Rethinking council tax in Scotland – Alison Payne
This article first appeared on LocalGov on 22 September 2023
Devolution was never supposed to stop at Holyrood, but while there have been continued calls, both from within and from without parliament, for greater decentralisation of fiscal powers and reform of council tax in Scotland, nothing has changed.
Indeed, arguably more powers have been centralised through policies such as caps on council tax and police centralisation.
Reform Scotland believes that it is past time for a major rethink, and for the genuine empowerment of Scotland’s councils. Scotland needs a new and better balance of powers between Holyrood and local government. While proposals to devolve responsibilities over measures such as workplace parking or tourism levies are to be welcomed, we need to shift away from the slow drip of powers to a more permissible and empowering system, and that needs to begin with local taxes.
The Scottish government’s recent consultation on reforming council tax was a disappointing missed opportunity. While the consultation document acknowledges that the current system is regressive, unfair, and out of date, it offers no alternative beyond a small tinkering of the bands.
The number of dwellings classed as Band E-H, which will be impacted by the change, varies significantly across the country, but this issue has also been ignored.
Instead, we had the latest in a long line of examples of much-needed reform being avoided.
For example, in 2002, the Local Government Committee said the system of local government finance needed renewal and that there should be a shift in the balance of local/central revenue raising:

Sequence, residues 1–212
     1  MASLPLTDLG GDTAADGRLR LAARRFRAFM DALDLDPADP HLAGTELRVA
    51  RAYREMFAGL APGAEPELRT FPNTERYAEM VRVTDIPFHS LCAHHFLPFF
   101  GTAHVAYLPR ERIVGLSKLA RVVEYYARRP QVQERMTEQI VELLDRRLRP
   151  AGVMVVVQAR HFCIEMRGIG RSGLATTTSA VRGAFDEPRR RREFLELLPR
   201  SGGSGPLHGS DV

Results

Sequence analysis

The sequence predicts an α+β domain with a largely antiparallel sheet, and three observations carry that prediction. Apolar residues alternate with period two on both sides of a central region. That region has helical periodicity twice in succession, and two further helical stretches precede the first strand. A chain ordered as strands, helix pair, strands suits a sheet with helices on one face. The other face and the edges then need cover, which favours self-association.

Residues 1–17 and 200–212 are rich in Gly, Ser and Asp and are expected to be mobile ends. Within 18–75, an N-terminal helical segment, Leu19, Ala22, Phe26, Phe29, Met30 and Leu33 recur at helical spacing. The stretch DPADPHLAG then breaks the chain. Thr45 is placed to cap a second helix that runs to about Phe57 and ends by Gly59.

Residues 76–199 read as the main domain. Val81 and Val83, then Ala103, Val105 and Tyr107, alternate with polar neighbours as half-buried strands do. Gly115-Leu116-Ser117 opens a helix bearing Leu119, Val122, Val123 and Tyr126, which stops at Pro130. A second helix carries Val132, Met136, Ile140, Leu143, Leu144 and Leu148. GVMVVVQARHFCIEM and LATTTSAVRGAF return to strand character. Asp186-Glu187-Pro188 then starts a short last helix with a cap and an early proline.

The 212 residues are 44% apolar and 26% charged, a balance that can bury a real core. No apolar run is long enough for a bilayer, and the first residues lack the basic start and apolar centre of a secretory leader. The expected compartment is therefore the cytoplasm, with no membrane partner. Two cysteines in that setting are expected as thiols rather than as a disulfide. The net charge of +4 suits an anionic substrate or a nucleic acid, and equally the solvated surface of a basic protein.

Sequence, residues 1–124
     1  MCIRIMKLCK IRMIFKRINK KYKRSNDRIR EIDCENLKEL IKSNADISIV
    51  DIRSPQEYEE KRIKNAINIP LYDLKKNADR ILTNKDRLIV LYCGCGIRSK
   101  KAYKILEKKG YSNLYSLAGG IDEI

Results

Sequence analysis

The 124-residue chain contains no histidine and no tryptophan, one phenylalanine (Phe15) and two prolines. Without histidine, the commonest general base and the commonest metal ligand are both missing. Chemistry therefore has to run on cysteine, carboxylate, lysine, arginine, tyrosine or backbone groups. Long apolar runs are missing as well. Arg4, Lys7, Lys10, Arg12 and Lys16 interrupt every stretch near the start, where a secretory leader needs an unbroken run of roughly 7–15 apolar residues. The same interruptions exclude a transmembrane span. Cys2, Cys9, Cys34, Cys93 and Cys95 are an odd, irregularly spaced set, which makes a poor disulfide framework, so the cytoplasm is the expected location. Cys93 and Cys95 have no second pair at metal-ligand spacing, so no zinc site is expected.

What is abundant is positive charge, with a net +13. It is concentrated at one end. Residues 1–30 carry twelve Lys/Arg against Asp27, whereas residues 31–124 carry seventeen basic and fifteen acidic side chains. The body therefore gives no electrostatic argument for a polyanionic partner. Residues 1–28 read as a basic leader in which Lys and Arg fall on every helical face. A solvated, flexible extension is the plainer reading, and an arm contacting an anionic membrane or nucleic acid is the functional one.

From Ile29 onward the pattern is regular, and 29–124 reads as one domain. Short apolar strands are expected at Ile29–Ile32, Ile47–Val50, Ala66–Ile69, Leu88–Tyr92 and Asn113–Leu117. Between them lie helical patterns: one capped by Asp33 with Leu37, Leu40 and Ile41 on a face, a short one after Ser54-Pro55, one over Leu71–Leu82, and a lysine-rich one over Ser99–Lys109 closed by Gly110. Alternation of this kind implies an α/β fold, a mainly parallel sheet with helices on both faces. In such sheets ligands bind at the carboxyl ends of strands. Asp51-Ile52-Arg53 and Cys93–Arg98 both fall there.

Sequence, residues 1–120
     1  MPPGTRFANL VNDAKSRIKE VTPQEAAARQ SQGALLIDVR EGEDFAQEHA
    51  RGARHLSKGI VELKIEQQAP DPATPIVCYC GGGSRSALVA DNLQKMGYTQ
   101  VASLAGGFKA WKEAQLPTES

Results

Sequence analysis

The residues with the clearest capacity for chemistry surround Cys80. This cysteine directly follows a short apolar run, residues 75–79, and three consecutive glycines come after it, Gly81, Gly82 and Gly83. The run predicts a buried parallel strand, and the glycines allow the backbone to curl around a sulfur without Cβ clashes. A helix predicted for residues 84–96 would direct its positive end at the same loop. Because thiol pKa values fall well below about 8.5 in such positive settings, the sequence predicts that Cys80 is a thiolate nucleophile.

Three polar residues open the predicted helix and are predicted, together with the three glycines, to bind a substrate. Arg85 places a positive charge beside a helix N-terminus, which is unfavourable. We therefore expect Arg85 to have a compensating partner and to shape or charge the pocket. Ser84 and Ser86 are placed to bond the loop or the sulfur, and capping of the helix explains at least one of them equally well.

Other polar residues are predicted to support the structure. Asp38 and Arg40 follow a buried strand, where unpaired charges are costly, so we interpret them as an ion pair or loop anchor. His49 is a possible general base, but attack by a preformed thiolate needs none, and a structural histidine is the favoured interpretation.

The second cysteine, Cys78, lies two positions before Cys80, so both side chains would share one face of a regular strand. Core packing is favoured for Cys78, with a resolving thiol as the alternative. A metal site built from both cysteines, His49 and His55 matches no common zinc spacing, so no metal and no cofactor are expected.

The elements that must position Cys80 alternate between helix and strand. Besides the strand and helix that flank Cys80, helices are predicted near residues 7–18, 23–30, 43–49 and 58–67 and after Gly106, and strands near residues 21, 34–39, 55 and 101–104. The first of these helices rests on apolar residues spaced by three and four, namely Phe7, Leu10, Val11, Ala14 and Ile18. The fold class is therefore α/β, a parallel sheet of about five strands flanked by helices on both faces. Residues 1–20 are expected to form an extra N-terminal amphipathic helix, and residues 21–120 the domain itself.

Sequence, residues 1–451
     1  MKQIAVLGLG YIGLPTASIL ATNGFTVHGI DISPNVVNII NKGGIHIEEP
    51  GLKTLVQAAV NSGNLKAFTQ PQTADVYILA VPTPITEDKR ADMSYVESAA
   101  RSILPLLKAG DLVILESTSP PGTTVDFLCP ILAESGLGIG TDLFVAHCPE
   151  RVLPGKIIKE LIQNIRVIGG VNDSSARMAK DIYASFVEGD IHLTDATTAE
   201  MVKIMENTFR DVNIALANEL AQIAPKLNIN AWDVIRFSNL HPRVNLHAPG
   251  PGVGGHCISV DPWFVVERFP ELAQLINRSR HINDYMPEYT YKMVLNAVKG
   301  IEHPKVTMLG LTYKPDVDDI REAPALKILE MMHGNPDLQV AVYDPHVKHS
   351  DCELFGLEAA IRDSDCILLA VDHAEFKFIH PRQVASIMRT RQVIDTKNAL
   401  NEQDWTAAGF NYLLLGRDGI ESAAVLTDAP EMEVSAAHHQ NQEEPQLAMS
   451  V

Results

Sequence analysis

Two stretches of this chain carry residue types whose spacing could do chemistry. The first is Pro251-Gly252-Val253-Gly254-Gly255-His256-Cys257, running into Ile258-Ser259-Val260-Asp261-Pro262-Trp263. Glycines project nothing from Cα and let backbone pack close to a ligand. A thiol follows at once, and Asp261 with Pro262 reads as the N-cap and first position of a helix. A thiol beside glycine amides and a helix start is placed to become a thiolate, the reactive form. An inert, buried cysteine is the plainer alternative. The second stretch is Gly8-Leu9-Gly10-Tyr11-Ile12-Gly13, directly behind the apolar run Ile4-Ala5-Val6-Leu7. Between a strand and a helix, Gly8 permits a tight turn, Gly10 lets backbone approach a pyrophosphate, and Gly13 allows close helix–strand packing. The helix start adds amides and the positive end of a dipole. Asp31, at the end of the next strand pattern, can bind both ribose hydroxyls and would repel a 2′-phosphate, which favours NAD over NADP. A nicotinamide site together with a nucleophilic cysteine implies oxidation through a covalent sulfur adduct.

‘The Committee does not believe that the existing local government finance system is sufficiently robust – and believes that part of the problem lies in the balance between the central and local funding of councils’ General Fund revenue budgets.
‘The Committee recommends that councils should retain the responsibility for a wide range of services – including major services such as Education and Social Work Services – but that the central/local funding balance should change from the existing 80:20 split to 50:50, or as close to 50:50 as is possible, as soon as is practicable.
‘The Committee recommends the Scottish Executive to introduce legislation to return the non-domestic rate to local control at the earliest opportunity.’
But nothing changed.
A 2014 Local Government Committee inquiry into flexibility and autonomy in local government again recommended greater local fiscal autonomy. Critically, it recognised that empowerment didn’t create postcode lotteries – rather, it was a matter of local accountability and decision making:
‘We consider there should be a range of taxes or charges from which they should be free to choose to levy to meet local circumstances and needs. The cross-party commission should consider whether there should be a range of taxes or charges from which local authorities should be free to choose to levy to meet local circumstances and needs.
‘We recognise this power will lead to variations across the country which we see as a desirable adjunct of the exercise of democracy. It would then be for locally elected politicians to be held to account by their electorate.’
But again, nothing changed.
Changing any tax regime will always create ‘winners and losers’, but leadership requires the willingness to make difficult decisions.
Reform Scotland believes that we need radical reform of the council tax. We don’t want to see one centrally controlled local tax replaced with another centrally controlled tax, rather we believe that local authorities should have complete control over their local tax – including the rates, bands and indeed form of the tax. This would allow individual councils to take their differing needs and priorities into account and devise the best system for their area. It would be a true local tax, accountable to local politicians.
If you would like to contribute to Reform Scotland’s Devolving Scotland forum, please email [email protected]